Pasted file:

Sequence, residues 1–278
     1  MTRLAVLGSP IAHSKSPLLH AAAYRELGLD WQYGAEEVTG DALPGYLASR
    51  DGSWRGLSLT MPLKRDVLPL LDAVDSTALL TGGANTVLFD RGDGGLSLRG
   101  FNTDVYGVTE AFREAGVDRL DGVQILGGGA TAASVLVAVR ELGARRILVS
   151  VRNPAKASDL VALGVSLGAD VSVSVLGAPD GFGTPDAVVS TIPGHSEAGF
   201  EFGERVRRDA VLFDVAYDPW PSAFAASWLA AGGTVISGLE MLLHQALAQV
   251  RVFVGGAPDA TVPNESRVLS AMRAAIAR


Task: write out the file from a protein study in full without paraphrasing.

Sequence, residues 1–278
     1  MTRLAVLGSP IAHSKSPLLH AAAYRELGLD WQYGAEEVTG DALPGYLASR
    51  DGSWRGLSLT MPLKRDVLPL LDAVDSTALL TGGANTVLFD RGDGGLSLRG
   101  FNTDVYGVTE AFREAGVDRL DGVQILGGGA TAASVLVAVR ELGARRILVS
   151  VRNPAKASDL VALGVSLGAD VSVSVLGAPD GFGTPDAVVS TIPGHSEAGF
   201  EFGERVRRDA VLFDVAYDPW PSAFAASWLA AGGTVISGLE MLLHQALAQV
   251  RVFVGGAPDA TVPNESRVLS AMRAAIAR